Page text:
Cash vs. Credit Card — Which One Should You Use for the Holidays?

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Credit Sesame surveyed 500 consumers to find out how they plan to pay for holiday expenses this year. Most people (43%) said they would rather use cash than credit cards for holiday purchases. This is in line with our previous survey that showed the people (in particular, Millennials) are adverse to using credit cards.

People tend to spend less with cash

As most of us have experienced at one time or another, when the cash is gone (from the checking account, the savings account, the envelope, your wallet or pocket) you just can’t spend any more.

The Credit Sesame survey found that the majority of people do want to use cash. Nearly 40% of respondents create a holiday budget and stick to it. It’s those consumers who don’t have cash for holiday spending or already carry high balances on their credit cards who tend to get into debt troubles after the holidays.

“Many people simply swipe more on a credit card especially when they don’t have the cash,” says Ellie Kay, family finance expert and author of 15 books including her latest, “Lean Body, Fat Wallet.”


These are the same roughly 14% of survey respondents who said they would either put their holiday shopping on a credit card and pay it off over time or pay for holiday items they couldn’t afford using a credit card. Additionally, our survey found that 32% of respondents don’t even set a budget, and 20% typically exceed the budget they set.

“If you have high balances on your credit cards already, then sticking to cash and spending less on the holidays overall can protect you from more debt and protect your credit score from taking a further hit by running your balances even higher,” says Jeff Richardson, spokesperson for Vantage Score Solutions.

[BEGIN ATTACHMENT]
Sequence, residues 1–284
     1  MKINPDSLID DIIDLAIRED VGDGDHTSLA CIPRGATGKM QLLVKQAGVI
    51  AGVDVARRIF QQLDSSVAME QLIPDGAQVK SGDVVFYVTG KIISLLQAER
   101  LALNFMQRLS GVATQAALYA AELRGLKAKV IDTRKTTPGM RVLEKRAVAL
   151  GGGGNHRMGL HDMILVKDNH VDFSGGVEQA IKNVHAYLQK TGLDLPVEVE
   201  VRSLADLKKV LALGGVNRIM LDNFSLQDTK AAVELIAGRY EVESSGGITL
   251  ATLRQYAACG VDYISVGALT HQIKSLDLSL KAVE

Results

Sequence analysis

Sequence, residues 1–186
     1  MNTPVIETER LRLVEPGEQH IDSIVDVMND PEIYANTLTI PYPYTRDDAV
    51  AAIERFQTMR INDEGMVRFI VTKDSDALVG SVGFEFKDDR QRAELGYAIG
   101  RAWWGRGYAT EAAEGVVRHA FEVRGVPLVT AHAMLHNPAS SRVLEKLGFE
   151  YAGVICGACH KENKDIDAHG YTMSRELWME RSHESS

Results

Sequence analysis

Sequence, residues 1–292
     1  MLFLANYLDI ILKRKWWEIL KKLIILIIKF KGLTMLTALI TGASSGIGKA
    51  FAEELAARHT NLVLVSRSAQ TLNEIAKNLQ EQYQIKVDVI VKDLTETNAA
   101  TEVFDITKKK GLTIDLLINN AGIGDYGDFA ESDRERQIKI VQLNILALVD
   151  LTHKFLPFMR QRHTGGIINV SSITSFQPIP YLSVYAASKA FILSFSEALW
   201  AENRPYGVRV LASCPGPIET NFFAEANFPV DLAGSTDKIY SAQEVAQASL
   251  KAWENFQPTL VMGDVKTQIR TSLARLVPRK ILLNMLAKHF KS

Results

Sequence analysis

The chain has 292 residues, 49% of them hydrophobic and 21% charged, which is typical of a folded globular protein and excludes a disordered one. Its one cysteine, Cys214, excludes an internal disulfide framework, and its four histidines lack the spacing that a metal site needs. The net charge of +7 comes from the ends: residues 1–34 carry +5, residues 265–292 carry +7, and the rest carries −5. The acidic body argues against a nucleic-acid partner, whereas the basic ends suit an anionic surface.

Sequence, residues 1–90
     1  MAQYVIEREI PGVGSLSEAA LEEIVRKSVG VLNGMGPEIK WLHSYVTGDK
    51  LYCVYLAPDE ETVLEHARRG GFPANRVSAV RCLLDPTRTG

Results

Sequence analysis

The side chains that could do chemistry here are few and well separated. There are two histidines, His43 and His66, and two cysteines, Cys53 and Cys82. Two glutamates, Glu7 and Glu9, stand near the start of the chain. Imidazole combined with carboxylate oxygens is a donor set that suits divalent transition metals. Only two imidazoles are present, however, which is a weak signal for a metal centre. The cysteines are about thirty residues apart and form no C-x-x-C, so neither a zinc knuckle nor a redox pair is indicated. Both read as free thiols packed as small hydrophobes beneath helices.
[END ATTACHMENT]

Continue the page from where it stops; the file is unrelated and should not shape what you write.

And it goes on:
Our experts say if that’s you, or if you’re like the 17% of respondents who said they would buy themselves a holiday gift regardless of their holiday budget, you might want to stick to a cash spending plan.

One major concern is whether you plan to apply for a mortgage during the 2017 spring time home buying season. If you currently carry balances that represent more than 30% of your credit limits, you don’t want to charge holiday expenses that you cannot pay off the next month. If you do, your credit score will go down, advises Bruce McClary, vice president of communications for the National Foundation for Credit Counseling

Store credit card temptations

Image Source: http://bit.ly/2fTXesE
Image Source: http://bit.ly/2fTXesE

You’d have to live under a rock to miss the fact that store credit card offers ramp up at this time of year.

“Retailers are all out pitching you at the register to save 20% on today’s purchase,” says McClary. “But, those savings get eclipsed by the credit card interest rate if you carry that balance beyond the one month. [The store card rate is] typically around 29%, which is much higher than the current average bank credit card rate of 15%.”

That could lead you to pay substantially more for the things you buy if you carry a credit card balance and pay interest on your holiday purchases. McClary says retailers purposely pitch you the reward before talking about the nuts and bolts of how the card works, including the interest rate and whether the savings offered are only for that one day’s purchase.

McClary says retail cards are often easier to get, and that consumers with stellar credit don’t get better promotions or a better interest rate than those with poorer credit.